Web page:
So now…

Define what YOUR project needs to achieve to be successful: purpose, challenges, people resources, outcome. Break it all down into deliverables or sub-projects that are needed to accomplish the outcome.

Make a project charter to define purpose, outcomes, challenges, resources and timelines.  

I think of projects as having a beginning, an end, and a result. Each part of a project is a must! 

TO DO in the beginning:

  1. Project lead/the driver: Who? a) Organize your thinking, to fully understand why it is important to do this project. b) Identify others on the team who need to do the initial planning and discussion with you on how to proceed. c) Define what this project needs to be successful: people/training, financial resources, teamwork/functions and collaboration, meetings, communications, and timeline). d) Pinpoint potential challenges and how they might be avoided. 
  2. Supervisor/project oversight: Who? Their overall purpose and level of involvement?                    a) Organize what you already know or what you may need to research. Find out more about how to convey what this project means for the success of your company. b)The people part: pull in key team members; clearly plan how you are going to run the project with your team. c) Is this project only going to need five minutes in your weekly meeting to report and check in? Or will it need a more lengthy meeting every two weeks because it’s a year-long project? d) Choose a communication method for the project team.   
  3. The surprise! This took me 10 years to really learn—what are the challenges? Some projects are bigger than we realize to roll out—they need sub-projects organized. Be willing to put in the thinking to give the sub-projects the resources to be effective support to the main project and a successful end result.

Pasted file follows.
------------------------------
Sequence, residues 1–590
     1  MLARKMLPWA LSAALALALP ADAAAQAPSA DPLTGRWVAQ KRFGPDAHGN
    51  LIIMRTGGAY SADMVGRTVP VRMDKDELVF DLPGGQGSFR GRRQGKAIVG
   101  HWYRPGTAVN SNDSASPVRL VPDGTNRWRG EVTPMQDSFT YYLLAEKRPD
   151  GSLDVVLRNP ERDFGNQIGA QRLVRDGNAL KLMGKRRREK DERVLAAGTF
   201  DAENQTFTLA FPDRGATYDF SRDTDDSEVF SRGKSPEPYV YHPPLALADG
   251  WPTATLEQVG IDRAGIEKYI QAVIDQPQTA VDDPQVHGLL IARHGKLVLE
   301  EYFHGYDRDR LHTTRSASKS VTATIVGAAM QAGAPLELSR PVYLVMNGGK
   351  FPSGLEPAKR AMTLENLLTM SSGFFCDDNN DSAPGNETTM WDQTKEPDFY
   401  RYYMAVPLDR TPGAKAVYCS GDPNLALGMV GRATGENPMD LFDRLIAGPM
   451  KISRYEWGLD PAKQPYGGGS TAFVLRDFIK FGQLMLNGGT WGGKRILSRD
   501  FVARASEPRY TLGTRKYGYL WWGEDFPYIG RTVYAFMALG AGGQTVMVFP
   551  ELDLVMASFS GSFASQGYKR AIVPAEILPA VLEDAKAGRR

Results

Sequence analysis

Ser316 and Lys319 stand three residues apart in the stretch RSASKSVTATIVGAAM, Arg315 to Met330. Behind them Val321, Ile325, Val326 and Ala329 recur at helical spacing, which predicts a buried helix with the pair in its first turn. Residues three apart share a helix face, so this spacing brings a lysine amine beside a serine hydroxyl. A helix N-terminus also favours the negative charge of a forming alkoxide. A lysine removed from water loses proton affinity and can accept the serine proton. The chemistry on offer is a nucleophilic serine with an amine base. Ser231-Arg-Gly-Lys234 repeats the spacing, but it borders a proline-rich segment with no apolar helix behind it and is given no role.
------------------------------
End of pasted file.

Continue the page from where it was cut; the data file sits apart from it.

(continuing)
TO REACH the end: 

  1. List and Communicate: Keep your eye on the expected specific outcomes/ benefits/ measurable results—and what it will mean to the company and the team when the project is achieved. (If and when the project is successfully completed.)

TO REALIZE the result:

Timely productivity on project deliverables. 

  1. Know and assign the major components or parts you need to produce or complete to the right people, with the right roles, to achieve the outcomes specified in #1 above.
  2. Define upfront before you put tasks into a project management system or into a spreadsheet. When you’re the project leader, the most important part is to clearly define—organize and assign. 

Okay, now go ahead and start to get your thinking on paper. That’s the beginning of mastering a project charter. It’s all about initiating a project, setting it up so that it actually succeeds.